The all new Bentley SUV model is spotted under heavy disguise
The first engineering simulator of the brand new 200 mile per hour SUV from Bentley has been spied being tested, ahead of it's sales for late 2015. Disguised inside the bodywork of the Audi Q7 is the running gear, electrical system and the power train of the brand new Bentley model.SUV models have become quite popular over the recent number of years with companie such as Nissan and BMW having success in that particular field so what has gone into this brand new model that helps Bentley burst onto the SUV market with a bang?
Features and selling points of the new Bentley SUV
Due to the production tools for the Bentleys body not being available as of yet, engineers are using the structural base of the Audi to start work on the new running gear of the SUV, which in particular calibrates the rather complex electrical system, which will be featuring way over 50 ECU control brains.
With the vital functions of the model being electronically controlled engineers can fine tune key items such as steering, transmission, damping, traction and stability control and air conditioning from inside the car by a laptop.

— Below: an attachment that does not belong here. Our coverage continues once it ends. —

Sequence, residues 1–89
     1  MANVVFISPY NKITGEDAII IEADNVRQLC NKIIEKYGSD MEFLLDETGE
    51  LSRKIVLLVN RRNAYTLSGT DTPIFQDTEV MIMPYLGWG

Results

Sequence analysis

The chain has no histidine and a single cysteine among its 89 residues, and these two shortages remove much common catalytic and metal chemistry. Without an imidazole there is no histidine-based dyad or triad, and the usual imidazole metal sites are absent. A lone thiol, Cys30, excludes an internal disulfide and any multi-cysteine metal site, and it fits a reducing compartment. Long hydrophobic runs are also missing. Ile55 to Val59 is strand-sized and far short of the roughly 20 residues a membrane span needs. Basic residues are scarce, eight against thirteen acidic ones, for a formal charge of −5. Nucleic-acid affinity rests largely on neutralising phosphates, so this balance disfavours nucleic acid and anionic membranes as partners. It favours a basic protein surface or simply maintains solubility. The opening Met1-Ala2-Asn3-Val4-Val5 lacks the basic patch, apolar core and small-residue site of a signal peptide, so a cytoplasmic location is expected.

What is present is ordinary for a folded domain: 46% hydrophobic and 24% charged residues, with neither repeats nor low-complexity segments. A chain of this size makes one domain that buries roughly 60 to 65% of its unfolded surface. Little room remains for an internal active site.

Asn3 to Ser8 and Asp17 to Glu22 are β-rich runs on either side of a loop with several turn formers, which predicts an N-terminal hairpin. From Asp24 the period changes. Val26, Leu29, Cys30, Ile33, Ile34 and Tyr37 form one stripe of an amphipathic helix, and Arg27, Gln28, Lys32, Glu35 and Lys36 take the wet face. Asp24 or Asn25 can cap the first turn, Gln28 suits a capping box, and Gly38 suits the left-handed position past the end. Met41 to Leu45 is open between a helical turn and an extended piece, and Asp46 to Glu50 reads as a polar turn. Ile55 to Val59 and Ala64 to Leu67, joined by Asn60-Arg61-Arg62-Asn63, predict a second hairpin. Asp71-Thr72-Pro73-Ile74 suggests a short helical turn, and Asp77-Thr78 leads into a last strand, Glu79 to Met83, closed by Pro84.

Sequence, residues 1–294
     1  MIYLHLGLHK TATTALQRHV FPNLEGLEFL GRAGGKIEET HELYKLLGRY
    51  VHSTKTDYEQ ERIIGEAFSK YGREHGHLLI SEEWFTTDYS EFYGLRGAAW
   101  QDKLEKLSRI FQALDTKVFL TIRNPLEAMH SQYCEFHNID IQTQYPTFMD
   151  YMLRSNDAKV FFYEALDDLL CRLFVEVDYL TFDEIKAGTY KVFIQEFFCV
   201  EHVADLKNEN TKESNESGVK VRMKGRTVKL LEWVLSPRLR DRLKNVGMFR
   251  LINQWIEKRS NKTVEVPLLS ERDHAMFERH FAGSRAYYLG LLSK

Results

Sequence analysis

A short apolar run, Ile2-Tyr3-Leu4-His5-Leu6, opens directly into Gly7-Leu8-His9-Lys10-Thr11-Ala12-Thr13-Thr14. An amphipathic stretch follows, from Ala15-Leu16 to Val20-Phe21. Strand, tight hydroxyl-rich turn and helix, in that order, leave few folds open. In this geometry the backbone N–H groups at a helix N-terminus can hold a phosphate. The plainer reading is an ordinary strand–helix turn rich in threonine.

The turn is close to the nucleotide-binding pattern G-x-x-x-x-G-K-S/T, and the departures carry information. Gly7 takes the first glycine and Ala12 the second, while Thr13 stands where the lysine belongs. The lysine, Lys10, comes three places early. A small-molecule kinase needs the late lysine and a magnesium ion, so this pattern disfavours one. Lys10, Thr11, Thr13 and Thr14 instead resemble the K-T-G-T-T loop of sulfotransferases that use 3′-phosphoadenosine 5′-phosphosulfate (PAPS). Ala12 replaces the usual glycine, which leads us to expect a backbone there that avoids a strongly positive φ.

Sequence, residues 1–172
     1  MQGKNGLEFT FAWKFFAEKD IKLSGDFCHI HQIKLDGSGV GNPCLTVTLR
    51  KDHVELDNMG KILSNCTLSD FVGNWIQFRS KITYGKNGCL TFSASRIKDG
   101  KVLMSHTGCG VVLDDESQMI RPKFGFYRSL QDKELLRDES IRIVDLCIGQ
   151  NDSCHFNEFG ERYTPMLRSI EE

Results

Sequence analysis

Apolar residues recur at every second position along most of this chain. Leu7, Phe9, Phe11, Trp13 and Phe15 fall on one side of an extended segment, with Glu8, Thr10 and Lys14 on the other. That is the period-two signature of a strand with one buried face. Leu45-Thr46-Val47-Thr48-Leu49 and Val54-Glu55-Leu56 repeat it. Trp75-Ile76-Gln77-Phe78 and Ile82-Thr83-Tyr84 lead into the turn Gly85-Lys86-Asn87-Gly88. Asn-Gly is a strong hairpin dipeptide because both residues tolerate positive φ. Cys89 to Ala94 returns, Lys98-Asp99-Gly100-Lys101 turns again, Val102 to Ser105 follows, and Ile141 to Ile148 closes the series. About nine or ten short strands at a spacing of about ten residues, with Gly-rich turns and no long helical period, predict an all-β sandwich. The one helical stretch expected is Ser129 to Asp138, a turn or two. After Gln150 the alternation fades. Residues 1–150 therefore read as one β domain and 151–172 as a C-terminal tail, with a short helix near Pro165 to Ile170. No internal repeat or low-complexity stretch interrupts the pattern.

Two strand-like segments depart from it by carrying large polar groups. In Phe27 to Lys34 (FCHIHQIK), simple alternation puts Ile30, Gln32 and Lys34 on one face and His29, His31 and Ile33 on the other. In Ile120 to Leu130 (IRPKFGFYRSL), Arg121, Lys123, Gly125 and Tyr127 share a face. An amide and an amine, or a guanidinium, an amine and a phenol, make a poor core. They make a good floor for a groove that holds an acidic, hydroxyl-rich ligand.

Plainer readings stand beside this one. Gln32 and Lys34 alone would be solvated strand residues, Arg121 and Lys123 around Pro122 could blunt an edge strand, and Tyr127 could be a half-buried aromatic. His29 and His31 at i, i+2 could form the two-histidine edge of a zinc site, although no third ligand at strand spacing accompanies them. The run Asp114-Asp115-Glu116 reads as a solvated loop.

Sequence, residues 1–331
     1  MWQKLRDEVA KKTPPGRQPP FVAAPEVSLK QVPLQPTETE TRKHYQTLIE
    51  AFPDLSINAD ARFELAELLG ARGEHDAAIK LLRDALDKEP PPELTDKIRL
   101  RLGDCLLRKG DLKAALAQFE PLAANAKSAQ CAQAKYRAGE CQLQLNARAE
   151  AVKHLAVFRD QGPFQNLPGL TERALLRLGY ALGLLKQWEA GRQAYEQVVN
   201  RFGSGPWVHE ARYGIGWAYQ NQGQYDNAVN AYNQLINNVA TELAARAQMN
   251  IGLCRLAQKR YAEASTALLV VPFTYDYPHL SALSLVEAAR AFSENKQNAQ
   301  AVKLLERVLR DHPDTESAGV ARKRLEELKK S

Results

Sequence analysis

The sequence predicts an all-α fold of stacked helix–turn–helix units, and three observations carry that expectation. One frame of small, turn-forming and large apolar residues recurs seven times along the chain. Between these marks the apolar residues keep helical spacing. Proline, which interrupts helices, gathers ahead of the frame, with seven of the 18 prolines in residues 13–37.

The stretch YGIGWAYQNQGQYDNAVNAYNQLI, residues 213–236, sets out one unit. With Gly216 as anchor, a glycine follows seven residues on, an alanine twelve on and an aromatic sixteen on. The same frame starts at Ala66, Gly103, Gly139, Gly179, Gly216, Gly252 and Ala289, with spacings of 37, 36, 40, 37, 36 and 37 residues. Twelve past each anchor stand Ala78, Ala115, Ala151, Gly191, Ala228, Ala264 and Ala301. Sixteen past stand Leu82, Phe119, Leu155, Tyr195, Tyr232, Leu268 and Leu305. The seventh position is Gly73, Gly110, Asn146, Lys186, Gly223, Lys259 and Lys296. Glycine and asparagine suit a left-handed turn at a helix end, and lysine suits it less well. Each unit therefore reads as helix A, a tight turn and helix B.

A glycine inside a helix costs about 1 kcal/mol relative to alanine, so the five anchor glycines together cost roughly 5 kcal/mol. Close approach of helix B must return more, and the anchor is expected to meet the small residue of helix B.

What else should you look out for with the Bentley SUV?
The mule appears to have had a role to evaluate the cooling of the engine due to the front end of the Audi model being modified, with generous vents also being below each headlight. The Bentley is likely to be equipped with a W12 twin turbo engine and the inter cooler will have to be fed cooling air on the test prototype of the car. Other details at the front of the model will also be appearing to be related to airflow management and cooling into the engine bay and under the floor of the SUV.
One of the main jobs with regards to engineering on the new Bentley model will be the evaluation of aerodynamic performance, tyre longevity and engine cooling at the planned 200 mile per hour top speed, which allegedly was written into the technical specification of the model in 2013.
The air suspension will have to be electronically controlled in order to lower itself as the speed rises automatically.
Whilst the engineering work is set so that the optimum height can be done in the design lab then to prove that performance matches calculations then the engineering simulator is needed.
Due to today's vehicles having so many ECU control units along with monitoring systems the hard drive that is mounted on the boot collects information from the production electrical system via the diagnostic plug.